The Socialist Unity Network


John Nicholson, RESPECT national executive.

"National" organisations

Anyone who has worked in the voluntary sector in this country, is likely to have experienced the way that some voluntary organisations call themselves "national" and seek to "represent" the sector, when what they mean is that they are based in London.

Such behaviour used to be even more galling for people in Scotland or Wales, who did not need smart-suited "Chief Executives" of "national organisations" making the equivalent of an overland trek across their borders to tell them what they needed in their own area.

Since devolution to Cardiff and Edinburgh the focus has to some extent changed there. But in England, it is still the case that "London's calling", and the rest of the country is expected to respond. It's a "metrocentric" approach, that arguably does a disservice to all of us, in or out of the capital city.


The Socialist Alliance

The most obvious recent example, on the political left, is how the history of the Socialist Alliance is regarded, depending on where you come from. According to received wisdom, the Socialist Alliance "began" in 2000, around about the time that Londoners fought the Greater London Assembly elections.

In fact, the first Socialist Alliance appeared in Coventry and Warwickshire, after the expulsion of Labour MPs including Dave Nellist in 1992. Later, around 1995-6, when Labour ditched Clause IV of its constitution, and when the Socialist Labour Party was forming in an unduly UK-wide monolithic fashion, local Socialist Alliances were launched, notably in Greater Manchester, Merseyside (a few times), Kent, Walsall (initially as a Democratic Labour Party), and most significantly in Scotland.

These developed closer contact with each other, including across the border, and formed the Network of Socialist Alliances in England, eventually becoming the Socialist Alliance. (And careful to call its activities those of the "Socialist Alliance, nationally", rather than inadvertently putting the word "national" first.....)

Only in 2000 did this network of local groups make the historic move to admit people from London.

At the same time, of course, there was a political re-alignment. With much the same view of history. The Socialist Workers Party joined the Socialist Alliance, first in Greater Manchester, in September 1999, and then at various local and national levels. The echo of the geographic analysis is contained in SWP folklore, according to which it would generally appear that the Socialist Alliance only came into existence once the SWP became involved.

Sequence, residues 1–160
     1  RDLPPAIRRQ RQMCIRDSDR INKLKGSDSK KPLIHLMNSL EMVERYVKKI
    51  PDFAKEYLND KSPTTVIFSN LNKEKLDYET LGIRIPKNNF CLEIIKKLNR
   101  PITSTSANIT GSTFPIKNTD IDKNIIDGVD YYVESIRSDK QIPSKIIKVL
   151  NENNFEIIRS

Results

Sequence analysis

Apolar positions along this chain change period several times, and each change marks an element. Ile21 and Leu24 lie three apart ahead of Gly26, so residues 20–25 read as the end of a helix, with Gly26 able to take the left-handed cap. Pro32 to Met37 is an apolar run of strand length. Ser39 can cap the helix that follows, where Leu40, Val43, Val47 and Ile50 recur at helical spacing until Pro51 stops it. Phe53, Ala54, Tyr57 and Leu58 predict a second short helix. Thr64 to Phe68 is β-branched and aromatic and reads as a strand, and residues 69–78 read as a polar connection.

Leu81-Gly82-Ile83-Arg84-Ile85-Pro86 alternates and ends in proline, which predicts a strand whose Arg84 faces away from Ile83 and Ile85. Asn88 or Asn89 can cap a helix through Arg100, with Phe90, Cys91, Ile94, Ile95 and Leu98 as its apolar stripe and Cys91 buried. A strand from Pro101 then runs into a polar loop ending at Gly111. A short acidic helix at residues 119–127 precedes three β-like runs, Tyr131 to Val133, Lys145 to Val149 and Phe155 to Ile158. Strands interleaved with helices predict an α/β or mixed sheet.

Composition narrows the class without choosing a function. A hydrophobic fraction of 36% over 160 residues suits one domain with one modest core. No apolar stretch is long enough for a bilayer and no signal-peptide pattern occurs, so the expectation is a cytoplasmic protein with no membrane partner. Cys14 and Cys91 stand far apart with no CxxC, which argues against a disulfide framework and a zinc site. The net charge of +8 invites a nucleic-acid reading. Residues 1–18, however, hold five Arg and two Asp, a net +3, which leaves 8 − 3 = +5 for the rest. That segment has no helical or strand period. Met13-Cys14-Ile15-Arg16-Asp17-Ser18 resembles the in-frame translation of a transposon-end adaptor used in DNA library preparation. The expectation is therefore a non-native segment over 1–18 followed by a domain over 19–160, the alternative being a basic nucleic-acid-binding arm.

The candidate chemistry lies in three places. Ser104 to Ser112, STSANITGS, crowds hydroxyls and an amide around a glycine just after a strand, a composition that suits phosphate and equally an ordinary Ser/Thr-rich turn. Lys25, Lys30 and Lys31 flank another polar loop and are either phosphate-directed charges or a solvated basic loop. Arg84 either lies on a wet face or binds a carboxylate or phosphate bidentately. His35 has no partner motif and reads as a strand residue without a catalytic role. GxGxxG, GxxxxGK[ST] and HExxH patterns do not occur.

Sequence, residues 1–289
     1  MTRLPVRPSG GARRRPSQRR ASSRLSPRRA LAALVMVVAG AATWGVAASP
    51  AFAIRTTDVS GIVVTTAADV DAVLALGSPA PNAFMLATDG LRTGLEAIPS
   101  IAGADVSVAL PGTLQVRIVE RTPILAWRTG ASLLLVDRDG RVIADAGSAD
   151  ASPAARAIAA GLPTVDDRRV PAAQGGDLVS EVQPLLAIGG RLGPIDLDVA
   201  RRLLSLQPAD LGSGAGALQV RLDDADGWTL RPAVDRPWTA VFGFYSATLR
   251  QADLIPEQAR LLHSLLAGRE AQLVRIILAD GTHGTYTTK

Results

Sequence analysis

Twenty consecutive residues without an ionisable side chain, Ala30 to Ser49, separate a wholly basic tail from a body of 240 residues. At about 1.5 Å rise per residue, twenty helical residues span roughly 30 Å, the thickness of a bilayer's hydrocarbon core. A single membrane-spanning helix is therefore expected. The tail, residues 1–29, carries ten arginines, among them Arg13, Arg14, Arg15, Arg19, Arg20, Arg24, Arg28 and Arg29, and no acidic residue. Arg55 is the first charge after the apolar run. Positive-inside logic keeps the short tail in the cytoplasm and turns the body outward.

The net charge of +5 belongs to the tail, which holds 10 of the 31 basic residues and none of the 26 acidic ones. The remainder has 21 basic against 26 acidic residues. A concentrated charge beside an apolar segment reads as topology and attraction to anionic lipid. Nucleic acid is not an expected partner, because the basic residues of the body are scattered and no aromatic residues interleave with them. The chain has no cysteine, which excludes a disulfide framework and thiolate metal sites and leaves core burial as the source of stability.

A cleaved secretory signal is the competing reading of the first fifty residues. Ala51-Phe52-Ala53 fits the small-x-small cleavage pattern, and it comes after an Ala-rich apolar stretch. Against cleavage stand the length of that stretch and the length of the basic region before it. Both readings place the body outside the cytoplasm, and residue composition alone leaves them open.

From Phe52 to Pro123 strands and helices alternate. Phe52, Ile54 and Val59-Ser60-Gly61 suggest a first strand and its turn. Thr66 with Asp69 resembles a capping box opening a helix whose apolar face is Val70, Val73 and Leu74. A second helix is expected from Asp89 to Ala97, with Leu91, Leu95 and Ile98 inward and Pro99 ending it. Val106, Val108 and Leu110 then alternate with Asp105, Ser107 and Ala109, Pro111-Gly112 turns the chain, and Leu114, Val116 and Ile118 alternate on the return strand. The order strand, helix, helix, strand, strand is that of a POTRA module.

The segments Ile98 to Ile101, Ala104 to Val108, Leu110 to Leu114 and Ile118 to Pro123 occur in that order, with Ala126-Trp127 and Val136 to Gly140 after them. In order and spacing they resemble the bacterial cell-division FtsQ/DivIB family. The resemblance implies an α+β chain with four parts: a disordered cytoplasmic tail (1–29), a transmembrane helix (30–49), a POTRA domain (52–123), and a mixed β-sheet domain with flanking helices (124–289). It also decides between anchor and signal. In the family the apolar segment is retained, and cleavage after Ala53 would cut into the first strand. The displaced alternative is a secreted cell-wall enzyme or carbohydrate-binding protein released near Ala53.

Divide and (Fail to) Rule

Depending on your point of view, it is easy for these to become very divisive issues. Pitting London against non-London, and SWP against non-SWP, continues to encourage distrust and fragmentation, rather than co-operation and unity across geographical and political boundaries.

While it remains frustrating for those of us living outside London to feel we are outside the "loop" of centralised decision-making, there is still more in common between all socialists, wherever we are and whatever variation of political theory we believe, than there is to divide us.


I would suggest some simple baselines might help to understand this:

1. London is the capital city. The national financial and political power, resources and media are concentrated within it. It is also a unique and distinct region in its own right. Its population is markedly different from any other region (more cosmopolitan, more mixed racially, exhibiting more extremes of rich and poor living close to each other). Its housing is very different (more private rented, both for poor and rich), its transport system is very different, its services to its residential population are very different. All in all it is worth attention, in its own right.


2. London does not speak for the rest of the country. Precisely because its own situation is so different, it is not possible to generalise from the living experience of Londoners as though this is the same for everyone else. Just because an organisation is based in London, whether due to the need for proximity to the other sources of power or otherwise, does not make it necessarily "national" in outlook, let alone in its ability to "represent".


3. London is often the easiest place to get to for meetings. This is one of the most difficult facts of political organisational life, outside of simply communicating in technologically virtual ways. Meetings in London inevitably attract more people from London. But nowhere else is as easy to get to for the whole of the rest of the country (in the sense that everywhere else is more difficult for someone). Sharing the burden around the country also leads to huge pooled fare arrangements, seeming to inflict on the regions outside London the added financial pain of providing hospitality to the metropolitan visitors.